U.S. military blocks sites to free space for quake relief

Amazon, YouTube, 11 other sites popular with military personnel are blocked from the .mil computer system in effort to reserve bandwidth for use in quake recovery efforts.

U.S. military search and rescue team
The U.S. military is pitching in with recovery efforts following the massive earthquake and tsunamis that struck Japan. Here, members of an Air Force-Marine Corps search and rescue team scan damage at Sendai Airport on March 13. U.S. Air Force photo by Staff Sgt. Samuel Morse

The U.S. military has blocked from its computer network several Web sites popular with military personnel, as it looks to reserve bandwidth for use in earthquake recovery efforts in Japan, according to a report.

CNN said U.S. Strategic Command had confirmed that a block had been put into place Monday on the Department of Defense's .mil computer system and that the measure pinpointed 13 Web sites because of how frequently they're accessed.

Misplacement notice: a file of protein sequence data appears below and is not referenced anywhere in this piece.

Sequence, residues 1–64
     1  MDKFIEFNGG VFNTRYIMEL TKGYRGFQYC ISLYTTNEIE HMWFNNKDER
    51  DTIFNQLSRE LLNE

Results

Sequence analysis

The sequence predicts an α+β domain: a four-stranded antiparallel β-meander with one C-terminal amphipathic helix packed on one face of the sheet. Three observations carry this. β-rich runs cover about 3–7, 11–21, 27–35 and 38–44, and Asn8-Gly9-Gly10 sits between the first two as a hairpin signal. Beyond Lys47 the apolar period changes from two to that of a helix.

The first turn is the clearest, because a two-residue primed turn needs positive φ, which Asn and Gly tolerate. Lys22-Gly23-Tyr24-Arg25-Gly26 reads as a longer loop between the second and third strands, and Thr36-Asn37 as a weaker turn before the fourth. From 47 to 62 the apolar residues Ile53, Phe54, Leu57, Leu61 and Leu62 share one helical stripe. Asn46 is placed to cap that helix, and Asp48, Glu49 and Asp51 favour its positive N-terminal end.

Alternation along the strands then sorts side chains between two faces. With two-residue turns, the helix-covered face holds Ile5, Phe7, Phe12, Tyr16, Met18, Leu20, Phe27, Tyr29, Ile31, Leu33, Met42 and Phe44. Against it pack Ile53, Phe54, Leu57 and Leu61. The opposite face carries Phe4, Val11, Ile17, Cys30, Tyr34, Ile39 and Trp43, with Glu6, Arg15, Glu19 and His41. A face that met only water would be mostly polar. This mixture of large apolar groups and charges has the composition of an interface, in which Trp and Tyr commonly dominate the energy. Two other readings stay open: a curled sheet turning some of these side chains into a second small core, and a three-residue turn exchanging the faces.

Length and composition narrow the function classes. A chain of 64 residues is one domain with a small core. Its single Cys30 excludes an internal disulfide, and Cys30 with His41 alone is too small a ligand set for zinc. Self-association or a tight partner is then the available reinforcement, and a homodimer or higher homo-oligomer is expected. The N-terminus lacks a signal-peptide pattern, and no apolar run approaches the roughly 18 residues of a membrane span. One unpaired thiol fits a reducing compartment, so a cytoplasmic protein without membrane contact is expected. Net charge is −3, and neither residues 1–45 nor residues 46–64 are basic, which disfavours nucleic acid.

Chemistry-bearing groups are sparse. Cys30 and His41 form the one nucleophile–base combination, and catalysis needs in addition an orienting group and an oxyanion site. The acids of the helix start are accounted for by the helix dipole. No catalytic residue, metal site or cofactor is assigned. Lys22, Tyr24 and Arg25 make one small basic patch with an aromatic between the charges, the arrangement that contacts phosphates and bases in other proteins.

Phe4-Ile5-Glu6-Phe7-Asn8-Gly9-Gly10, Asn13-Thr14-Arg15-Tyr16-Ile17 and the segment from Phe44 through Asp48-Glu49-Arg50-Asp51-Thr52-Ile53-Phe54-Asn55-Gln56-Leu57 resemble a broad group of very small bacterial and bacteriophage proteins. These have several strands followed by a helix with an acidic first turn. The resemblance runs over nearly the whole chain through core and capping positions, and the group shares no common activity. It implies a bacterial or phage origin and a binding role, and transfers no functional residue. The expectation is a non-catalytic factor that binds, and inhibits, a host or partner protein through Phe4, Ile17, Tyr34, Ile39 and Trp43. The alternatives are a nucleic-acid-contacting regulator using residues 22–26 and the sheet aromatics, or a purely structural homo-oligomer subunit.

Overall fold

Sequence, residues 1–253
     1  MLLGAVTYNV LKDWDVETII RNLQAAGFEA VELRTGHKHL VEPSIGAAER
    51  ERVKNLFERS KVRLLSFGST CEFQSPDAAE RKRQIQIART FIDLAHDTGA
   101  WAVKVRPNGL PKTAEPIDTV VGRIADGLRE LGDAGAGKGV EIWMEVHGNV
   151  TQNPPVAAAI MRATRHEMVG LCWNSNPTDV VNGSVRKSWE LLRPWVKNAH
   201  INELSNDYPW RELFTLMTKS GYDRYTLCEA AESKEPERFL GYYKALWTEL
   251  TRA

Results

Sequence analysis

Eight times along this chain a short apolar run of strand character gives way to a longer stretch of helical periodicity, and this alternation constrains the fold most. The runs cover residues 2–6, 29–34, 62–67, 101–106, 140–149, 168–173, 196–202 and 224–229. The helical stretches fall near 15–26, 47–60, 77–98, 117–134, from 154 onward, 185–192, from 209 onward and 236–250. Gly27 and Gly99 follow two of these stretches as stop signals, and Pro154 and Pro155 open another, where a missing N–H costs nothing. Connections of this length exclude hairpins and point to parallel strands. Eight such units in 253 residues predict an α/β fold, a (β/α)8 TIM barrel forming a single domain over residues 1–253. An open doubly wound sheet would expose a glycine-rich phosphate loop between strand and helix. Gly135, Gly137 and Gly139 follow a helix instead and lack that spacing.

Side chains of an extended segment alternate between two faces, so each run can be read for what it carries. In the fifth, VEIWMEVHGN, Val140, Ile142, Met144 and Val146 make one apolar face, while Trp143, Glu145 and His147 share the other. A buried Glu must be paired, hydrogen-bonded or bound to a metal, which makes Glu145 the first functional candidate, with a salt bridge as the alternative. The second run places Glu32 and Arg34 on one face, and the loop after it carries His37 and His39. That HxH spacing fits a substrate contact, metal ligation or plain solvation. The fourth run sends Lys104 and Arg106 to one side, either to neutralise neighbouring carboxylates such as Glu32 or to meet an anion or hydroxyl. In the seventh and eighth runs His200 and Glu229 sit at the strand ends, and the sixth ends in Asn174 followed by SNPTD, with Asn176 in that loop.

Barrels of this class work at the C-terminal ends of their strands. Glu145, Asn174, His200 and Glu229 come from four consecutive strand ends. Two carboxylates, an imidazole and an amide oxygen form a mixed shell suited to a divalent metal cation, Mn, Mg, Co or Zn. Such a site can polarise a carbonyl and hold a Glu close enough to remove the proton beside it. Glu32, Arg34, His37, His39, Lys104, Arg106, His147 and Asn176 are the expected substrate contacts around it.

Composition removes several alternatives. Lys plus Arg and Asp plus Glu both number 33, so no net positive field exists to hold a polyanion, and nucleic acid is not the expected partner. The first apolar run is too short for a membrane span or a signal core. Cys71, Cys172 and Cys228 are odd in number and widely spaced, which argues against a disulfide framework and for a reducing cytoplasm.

The sites are: Amazon.com, Doubleclick, eBay, Eyewonder.com, ESPN.com, Googlevideo.com, Ifilm.com, Metacafe, MTV.com, MySpace, Pandora, Streamtheworld.com, and YouTube.

Strategic Command spokesman Rodney Ellison told CNN that these sites accounted for significant bandwidth and that the space needed to be available for military operations.

"This is a response to a time of extreme demand for networks," Ellison told CNN, adding that the block was temporary and could increase or decrease in scope as necessary. "We are trying to make sure we are giving [recovery efforts] as many avenues and as much support as we can," Ellison said.

Japan was, of course, hit by a devastating 9.0 magnitude earthquake last week, along with a resulting series of tsunamis. As of this writing, the death toll was nearly 3,400 people, with more than 7,500 missing. Rescue efforts were ongoing, as were efforts to lock down a nuclear power plant damaged during the chaos.

About the author

Edward Moyer is an associate editor at CNET News and a many-year veteran of the writing and editing world. He enjoys taking sentences apart and putting them back together. He also likes making them from scratch.

 

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